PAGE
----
Public housing to account for 60pc of new flat supply
Government adjusts property mix as it seeks to provide the 447,000 extra homes it is estimated the city needs to build over the next 10 years
Public housing will take up 60 per cent of new residential supply in the next decade, from the current 50-50 share with private flats.
The marked change of policy direction was announced yesterday as the housing minister wrapped up discussions with the government's housing advisers.
"We have come to some consensus as to the future direction," Secretary for Transport and Housing Professor Anthony Cheung Bing-leung said. "Given the current demand, the government should take a more active role and do more in providing public housing."
Cheung said the ratio of public to private housing in new supply in the next 10 years would be 60 per cent to 40 per cent, based on an earlier estimate that the city would need 447,000 new homes during the period because of population growth and redevelopment.
The idea is included in a paper that sums up recommendations from the past nine meetings of the Long Term Housing Strategy Steering Committee. The paper will be finalised for a three-month public consultation, starting in September.
The supply of public rental homes has long been deemed inadequate, with more than 228,400 applicants now on the waiting list.
In the past, the government had targeted building 15,000 new rental flats and 5,000 subsidised homes for sale each year.
For the private sector, it adds new plots to the land-sale list each year to make sure all the plots can yield a total of 20,000 homes. This policy leads to an equal ratio between public and private flats.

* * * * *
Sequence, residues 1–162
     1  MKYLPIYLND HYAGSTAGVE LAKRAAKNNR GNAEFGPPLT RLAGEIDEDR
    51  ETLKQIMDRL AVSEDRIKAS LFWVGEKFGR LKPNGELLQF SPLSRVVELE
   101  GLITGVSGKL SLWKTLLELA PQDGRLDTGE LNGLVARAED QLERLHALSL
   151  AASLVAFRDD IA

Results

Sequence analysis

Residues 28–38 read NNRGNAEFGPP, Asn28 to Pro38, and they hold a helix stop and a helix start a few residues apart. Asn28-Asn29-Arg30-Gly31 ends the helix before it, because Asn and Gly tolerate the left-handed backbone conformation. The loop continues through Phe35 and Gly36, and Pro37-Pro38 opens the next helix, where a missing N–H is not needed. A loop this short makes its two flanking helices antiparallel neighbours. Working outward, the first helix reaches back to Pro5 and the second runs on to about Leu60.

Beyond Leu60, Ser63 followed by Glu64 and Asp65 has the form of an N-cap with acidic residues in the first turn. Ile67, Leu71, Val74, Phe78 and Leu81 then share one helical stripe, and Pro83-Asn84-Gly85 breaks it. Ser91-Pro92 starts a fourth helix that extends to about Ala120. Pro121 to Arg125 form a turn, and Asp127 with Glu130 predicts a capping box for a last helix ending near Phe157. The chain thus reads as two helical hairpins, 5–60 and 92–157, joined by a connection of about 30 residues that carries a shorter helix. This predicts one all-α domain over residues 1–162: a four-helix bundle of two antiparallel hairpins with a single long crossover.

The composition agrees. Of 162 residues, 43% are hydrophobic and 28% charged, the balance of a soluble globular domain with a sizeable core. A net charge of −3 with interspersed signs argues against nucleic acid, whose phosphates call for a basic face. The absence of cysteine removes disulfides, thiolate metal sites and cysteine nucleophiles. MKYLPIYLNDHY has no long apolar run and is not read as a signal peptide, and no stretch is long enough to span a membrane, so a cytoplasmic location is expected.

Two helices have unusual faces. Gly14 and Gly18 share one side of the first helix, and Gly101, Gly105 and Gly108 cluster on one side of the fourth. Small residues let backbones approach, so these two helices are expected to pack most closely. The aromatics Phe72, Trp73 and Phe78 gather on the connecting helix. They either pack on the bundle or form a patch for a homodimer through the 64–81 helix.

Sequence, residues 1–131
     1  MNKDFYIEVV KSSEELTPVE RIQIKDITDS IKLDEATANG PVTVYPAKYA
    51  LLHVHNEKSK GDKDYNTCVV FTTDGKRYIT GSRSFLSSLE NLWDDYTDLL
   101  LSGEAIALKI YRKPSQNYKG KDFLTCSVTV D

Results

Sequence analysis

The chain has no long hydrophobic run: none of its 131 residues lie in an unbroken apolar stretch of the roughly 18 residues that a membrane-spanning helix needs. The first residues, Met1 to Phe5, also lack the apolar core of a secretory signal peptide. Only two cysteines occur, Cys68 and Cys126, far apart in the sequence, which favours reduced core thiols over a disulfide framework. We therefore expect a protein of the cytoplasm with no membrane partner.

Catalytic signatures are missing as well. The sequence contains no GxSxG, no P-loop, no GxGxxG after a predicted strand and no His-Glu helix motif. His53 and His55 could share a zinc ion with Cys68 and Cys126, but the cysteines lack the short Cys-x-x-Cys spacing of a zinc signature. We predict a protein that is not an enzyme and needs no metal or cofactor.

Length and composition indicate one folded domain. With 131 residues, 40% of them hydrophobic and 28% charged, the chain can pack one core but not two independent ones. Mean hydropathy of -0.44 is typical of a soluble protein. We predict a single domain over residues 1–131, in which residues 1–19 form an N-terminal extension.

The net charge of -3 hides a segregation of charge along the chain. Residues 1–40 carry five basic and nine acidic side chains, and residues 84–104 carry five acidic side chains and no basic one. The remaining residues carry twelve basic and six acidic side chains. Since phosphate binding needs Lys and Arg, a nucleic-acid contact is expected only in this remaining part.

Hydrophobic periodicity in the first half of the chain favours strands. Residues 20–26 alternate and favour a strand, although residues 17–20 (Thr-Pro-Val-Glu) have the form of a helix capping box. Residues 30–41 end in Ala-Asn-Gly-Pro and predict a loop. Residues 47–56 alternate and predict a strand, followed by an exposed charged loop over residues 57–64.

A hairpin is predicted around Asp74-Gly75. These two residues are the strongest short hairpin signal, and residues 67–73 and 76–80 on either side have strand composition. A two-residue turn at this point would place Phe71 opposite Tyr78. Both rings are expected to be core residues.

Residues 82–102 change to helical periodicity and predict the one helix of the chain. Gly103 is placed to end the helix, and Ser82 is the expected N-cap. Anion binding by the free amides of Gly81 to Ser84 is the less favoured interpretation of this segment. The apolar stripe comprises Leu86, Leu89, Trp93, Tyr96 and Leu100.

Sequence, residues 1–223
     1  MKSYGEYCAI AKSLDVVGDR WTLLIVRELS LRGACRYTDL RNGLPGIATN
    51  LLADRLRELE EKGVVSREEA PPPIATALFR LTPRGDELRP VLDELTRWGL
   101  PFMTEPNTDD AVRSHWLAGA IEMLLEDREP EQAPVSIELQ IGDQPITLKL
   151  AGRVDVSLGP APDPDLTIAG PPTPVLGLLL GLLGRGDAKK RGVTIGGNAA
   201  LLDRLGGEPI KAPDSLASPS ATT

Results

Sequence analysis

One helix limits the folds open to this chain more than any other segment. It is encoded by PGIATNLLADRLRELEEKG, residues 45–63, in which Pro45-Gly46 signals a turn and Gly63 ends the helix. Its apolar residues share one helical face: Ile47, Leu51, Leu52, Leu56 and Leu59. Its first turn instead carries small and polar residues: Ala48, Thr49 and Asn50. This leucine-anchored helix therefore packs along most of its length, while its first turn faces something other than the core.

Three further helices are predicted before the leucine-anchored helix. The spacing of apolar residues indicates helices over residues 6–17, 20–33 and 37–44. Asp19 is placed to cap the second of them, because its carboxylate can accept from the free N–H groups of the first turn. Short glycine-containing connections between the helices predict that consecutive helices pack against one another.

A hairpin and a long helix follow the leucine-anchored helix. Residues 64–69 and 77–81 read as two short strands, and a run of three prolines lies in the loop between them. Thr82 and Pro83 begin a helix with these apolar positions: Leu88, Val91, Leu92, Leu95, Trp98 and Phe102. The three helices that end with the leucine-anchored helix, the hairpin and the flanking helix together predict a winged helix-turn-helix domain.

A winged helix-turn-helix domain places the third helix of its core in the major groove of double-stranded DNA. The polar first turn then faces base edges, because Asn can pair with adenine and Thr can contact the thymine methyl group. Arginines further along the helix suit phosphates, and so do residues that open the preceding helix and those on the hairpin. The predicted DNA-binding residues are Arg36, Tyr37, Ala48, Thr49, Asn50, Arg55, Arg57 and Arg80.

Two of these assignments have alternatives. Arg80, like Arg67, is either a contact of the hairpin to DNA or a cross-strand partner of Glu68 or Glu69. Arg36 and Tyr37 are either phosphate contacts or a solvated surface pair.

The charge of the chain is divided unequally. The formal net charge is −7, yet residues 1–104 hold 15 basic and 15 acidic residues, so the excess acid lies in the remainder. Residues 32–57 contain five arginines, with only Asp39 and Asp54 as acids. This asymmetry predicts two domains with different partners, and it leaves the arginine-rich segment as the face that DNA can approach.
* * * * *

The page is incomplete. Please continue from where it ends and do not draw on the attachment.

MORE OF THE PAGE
Of the current stock of completed flats, 47 per cent are public and 53 per cent are private.
Committee member Stanley Wong Yuen-fai said the new ratio was "conceptual" and should not be applied rigidly to all areas.
For example, in the proposed plan for the new town of Hung Shui Kiu, officials have kept public housing at 50 per cent in order to dilute the mix in neighbouring Tin Shui Wai, where public homes make up an overwhelming 80 per cent.
Lee Wing-tat, a former lawmaker who now runs concern group Land Watch, supported the new ratio because he said private flats had become unaffordable for the ordinary Hongkonger in recent years.
Another committee member, Lau Ping-cheung, disagreed with setting a fixed ratio "because the property market and demand for private homes fluctuate with the economy".
Cheung said another recommendation in the consultation paper was to let non-elderly single people above the age of 35 obtain public housing more quickly, by building new blocks specifically for them in existing rental estates.
Wong, who is also vice-chairman of the Town Planning Board, did not like this idea. "It would take away breathing space and recreational sites for residents, defeating the careful planning in the first place."
The minister said the annual quota for non-elderly single people, now capped at 2,000, would be adjusted slightly.
About half of all applicants waiting for public housing are non-elderly single people, but they are not guaranteed an allocation within three years, as is the case with family applicants.
The consultation paper will also invite comments on a licensing system to improve the safety of subdivided flats.